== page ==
"WR6_gUnUj-ztiW07KQcOCnTel9A"/> Notes From Atlanta: How Boko Haram’s Infighting, Not Government Policy, Degraded It

Saturday, March 3, 2018

How Boko Haram’s Infighting, Not Government Policy, Degraded It

By Abdulbasit Kassim

The President Muhammad Buhari administration has advanced the narrative of “technically defeating,” “tactically defeating,” and “completely defeating” Boko Haram. As much as I will not necessarily want to tag the Buhari’s Boko Haram “success” as a myth, the “success narrative” has been blown out of proportion.

The decline of Boko Haram’s strength is not necessarily the result of proactive steps of the new administration or even the relocation of the command center to Maiduguri. Although the present administration would want to claim victory over Boko Haram for the recovery of territories previously annexed by the group, the fratricidal wars that started from the time of the Nigerian Taliban and the series of endogenous schisms that plagued the group did more damage than the salvos of the government.  

Even before the public disclosure of the mutual recrimination between the Abubakar Shekau/Man Chari and Abu Mus`ab al-Barnawi/Mamman Nur factions, Boko Haram was clearly heading towards a natural death on account of the group’s tactical disagreements over takfir (excommunication of Muslims) and the killing of Muslims; strategic disagreements between the group’s pragmatists and doctrinarians; rifts with al-Qaeda affiliates in the Islamic Maghreb; tense relations with the Islamic State in Iraq and Syria; dissent over goals and views of the enemy; ideological competition with other Muslim actors; and a dwindling support base of fighters who are constantly befuddled by the faction to support at each epoch of the group’s schisms.

This piece only gives a broad overview of the internal debates and fratricidal wars plaguing Boko Haram. An in-depth examination of this issue can be found in my article titled “Boko Haram’s Internal Civil War: Stealth Takfir and Jihad as Recipes for Schism,” which will be published on March 15, 2018 as part of a volume titled, Boko Haram Beyond the Headlines: Analyses of Africa's Enduring Conflict.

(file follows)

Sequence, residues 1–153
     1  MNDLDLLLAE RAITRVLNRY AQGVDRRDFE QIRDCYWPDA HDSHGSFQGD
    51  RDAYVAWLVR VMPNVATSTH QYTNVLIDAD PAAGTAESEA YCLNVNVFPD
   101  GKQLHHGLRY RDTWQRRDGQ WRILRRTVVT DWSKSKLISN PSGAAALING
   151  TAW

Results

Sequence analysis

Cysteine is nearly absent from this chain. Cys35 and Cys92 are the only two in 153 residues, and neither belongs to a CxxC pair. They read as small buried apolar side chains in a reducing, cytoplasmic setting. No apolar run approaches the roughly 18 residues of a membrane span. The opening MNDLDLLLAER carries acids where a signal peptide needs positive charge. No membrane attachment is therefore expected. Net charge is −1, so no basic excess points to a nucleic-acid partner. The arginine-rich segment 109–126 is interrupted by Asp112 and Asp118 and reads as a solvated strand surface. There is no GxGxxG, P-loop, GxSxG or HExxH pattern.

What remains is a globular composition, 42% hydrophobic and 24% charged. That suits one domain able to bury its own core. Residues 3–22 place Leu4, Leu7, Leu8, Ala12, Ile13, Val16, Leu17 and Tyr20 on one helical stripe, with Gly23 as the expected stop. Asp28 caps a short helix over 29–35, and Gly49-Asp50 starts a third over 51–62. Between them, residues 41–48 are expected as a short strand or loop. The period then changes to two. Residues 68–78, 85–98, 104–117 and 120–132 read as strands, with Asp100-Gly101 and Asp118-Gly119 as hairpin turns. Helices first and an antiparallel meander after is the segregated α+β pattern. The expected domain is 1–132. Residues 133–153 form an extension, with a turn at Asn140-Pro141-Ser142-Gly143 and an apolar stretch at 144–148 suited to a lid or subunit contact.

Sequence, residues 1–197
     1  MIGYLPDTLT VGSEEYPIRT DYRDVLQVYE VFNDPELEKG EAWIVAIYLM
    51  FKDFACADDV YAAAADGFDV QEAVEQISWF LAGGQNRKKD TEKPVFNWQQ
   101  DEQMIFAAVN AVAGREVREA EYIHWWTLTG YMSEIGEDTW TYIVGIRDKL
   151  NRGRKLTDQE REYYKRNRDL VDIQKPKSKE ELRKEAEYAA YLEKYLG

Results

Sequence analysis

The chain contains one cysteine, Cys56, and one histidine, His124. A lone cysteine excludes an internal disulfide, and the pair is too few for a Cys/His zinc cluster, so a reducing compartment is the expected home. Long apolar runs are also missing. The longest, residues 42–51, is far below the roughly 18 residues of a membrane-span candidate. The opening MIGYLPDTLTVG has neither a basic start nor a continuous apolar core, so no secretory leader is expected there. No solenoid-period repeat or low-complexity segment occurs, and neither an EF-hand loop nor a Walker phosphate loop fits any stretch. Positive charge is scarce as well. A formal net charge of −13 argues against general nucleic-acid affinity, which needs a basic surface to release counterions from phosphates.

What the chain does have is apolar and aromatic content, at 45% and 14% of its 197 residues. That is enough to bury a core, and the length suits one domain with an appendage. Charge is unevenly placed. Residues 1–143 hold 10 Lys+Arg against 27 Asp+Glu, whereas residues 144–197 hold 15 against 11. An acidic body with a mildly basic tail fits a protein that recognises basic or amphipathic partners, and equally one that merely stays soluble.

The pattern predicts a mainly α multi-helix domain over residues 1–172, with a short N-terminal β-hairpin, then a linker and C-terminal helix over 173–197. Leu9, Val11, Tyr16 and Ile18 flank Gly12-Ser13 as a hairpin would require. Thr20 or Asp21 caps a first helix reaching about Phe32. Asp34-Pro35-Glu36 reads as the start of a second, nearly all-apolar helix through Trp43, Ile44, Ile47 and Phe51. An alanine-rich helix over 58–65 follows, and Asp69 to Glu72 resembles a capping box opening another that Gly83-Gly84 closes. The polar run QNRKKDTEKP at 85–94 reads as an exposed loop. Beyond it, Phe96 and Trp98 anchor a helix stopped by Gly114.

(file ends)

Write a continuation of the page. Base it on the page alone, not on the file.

The first schism evolved from the debate on the appropriate time to declare jihad and the necessity of establishing Islamic evidence (Iqāmat al-dalīl/al-ḥujja) on political rulers ruling with secular laws, and it took place between Muhammad Yusuf and Abu Abdurrahman Muhammad Ali al-Barnawi during the formative period of the Nigerian Taliban. Yusuf reasoned that by establishing Islamic evidence on the political rulers ruling with secular laws, it would attract a large followership and support communities that would be ideologically immune to the arguments put forth by the Salafi clerics in their defense of the political rulers.

These communities would then be better indoctrinated to fight jihad against the secular rulers. On the other hand, Ali argued that it is not obligatory to establish the Islamic evidence on the political rulers before declaring jihad against them because none of them can claim to be ignorant of God’s command to rule with His laws as opposed to secular laws.

The second schism took place between the followers of Abu Usama al-Ansari (Auwal Ibrahim Gombe) who later launched Ansaru in 2012 and the followers of Abubakar Shekau. The schisms covered the debate on the counter-productive strategy of targeting Muslim civilians especially those who participate in elections, Shekau’s uncompromising stance on al-`udhr bi-l-jahl (excuse of ignorance), Shekau’s excommunication of Muslims, Shekau’s demand for obligatory obedience, his refusal to permit his followers to travel to Somalia and Algeria without his permission, and his complete rejection of the group’s Consultative Council.